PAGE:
RPY_JULIA_CROUCH_AM07_0On Felicity Wood’s blog, Julia Crouch writes a guest post about her experiences writing on trains, using it in part as a metaphor for the e-book experience, and partly to discuss a publicity project she did in which she wrote a complete short story over the course of her train journey to and from a writers’ convention.

The story, Strangeness On A Train, has been published as a free eBook on Amazon and Apple, as well as being printed up into samplers to be handed out on the Harrogate train and at the Harrogate Crime Writing Festival from 19-22 July 2012.  I love the way Headline are using this story as a free gift for readers – a bit like the way Jackie magazine used to have a pot of purple eyeshadow Sellotaped to the front in the 1970s. Most writers have a cache of short stories to their names, and it’s exciting to think that we can get them out in this way, while at the same time enhancing the profile of our novels.

Crouch notes that, unlike a lot of traditional writers, the real thrill of being published for her is not seeing her books as physical objects in a bookstore, but seeing them available for sale in major e-book stores. “If they weren’t,” she writes, “they wouldn’t be selling in the same sort of numbers. It means there are more ways for readers to get at books, and that can only be a good thing.” She also feels that publishers’ and published writers’ worry over super-cheap self-published e-books is a red herring—people will come to realize they get what they pay for:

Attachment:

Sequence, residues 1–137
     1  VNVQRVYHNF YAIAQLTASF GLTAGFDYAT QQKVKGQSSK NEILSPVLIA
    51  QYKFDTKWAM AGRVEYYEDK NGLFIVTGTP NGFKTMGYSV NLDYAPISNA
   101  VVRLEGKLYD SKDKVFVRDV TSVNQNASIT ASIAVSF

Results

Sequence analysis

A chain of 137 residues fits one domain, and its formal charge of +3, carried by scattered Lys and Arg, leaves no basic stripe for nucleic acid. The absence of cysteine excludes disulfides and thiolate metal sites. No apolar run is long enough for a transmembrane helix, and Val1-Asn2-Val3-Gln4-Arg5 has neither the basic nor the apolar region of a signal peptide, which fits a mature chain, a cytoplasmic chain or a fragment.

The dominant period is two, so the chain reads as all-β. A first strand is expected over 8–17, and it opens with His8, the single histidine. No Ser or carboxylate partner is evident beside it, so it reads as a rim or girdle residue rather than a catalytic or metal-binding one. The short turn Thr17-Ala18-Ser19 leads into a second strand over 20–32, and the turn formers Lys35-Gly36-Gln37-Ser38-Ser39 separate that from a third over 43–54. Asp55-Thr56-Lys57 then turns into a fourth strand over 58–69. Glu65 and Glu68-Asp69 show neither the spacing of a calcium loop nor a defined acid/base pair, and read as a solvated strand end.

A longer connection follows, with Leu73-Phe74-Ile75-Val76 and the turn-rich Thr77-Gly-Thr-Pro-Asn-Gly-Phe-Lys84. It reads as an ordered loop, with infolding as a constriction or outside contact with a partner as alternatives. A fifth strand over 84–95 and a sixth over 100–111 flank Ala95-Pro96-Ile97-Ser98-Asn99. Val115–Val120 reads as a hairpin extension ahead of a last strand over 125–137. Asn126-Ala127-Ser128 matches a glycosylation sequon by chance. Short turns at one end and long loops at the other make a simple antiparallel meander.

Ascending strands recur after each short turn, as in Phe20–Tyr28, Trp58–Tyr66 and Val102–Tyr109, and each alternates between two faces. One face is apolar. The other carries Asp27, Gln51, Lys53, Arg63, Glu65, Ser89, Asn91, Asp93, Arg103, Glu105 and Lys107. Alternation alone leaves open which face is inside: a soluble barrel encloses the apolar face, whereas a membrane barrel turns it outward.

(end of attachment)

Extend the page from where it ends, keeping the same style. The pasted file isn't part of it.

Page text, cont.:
Quality writing will out: quality writing that has been selected, championed in-house and nurtured by an editor. Quality writing that has been typeset and designed by professionals and marketed and publicised by a team of people who have a personal stake in its success.

Quite aside from what she wrote about e-books, I think it’s interesting to think about writing on trains, or in other possibly unusual settings. Inspiration—and time to get it down—is where you find it, and thanks to modern technology we can find it and capture it in more places than ever. And using that as a publicity booster is a great idea—people should be thinking about new ways to get the word out, because we have more new ways available than ever before. So keep right on writing on those trains, Julia Crouch.


  1. The classic on this topic is Schivelbusch, The Railroad Journey, 1977, and the paradigm shift (19th c. of course) of mediated reality. “…the rail traveler’s perceptions were changed by the invention of the machine ensemble between him and the landscape…”

  2. I’m not sure working on a train is startlingly unusual if the morning commute is anything to go by. What annoyed me was the presumption that quality writing has to be nurtured in-house. Many self-published writers do use the services of professional editors; others may be experienced editors in their own right. As for marketing, what higher personal stake can there be than that of a self-employed, self-published author selling their own work?

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